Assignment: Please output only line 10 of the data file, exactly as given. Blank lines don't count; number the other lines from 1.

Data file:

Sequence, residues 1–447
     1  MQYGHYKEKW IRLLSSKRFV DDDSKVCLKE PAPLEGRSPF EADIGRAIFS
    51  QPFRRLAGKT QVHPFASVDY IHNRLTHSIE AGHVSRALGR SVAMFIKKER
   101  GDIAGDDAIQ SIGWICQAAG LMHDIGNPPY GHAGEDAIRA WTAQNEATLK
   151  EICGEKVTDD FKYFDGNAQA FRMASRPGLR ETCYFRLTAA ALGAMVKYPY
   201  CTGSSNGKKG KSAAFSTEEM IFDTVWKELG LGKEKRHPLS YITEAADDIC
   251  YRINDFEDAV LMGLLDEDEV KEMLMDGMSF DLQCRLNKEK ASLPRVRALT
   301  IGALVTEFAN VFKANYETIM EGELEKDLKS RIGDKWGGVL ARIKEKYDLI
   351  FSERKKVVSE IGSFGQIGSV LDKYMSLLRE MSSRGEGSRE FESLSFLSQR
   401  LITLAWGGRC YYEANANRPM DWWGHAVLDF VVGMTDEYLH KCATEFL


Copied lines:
   401  LITLAWGGRC YYEANANRPM DWWGHAVLDF VVGMTDEYLH KCATEFL